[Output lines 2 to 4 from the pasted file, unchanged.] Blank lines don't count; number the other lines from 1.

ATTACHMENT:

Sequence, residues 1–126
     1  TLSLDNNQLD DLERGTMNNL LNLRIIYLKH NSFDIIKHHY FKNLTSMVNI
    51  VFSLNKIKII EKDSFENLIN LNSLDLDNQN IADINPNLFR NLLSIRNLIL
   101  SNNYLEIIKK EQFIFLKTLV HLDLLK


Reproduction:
     1  TLSLDNNQLD DLERGTMNNL LNLRIIYLKH NSFDIIKHHY FKNLTSMVNI
    51  VFSLNKIKII EKDSFENLIN LNSLDLDNQN IADINPNLFR NLLSIRNLIL
   101  SNNYLEIIKK EQFIFLKTLV HLDLLK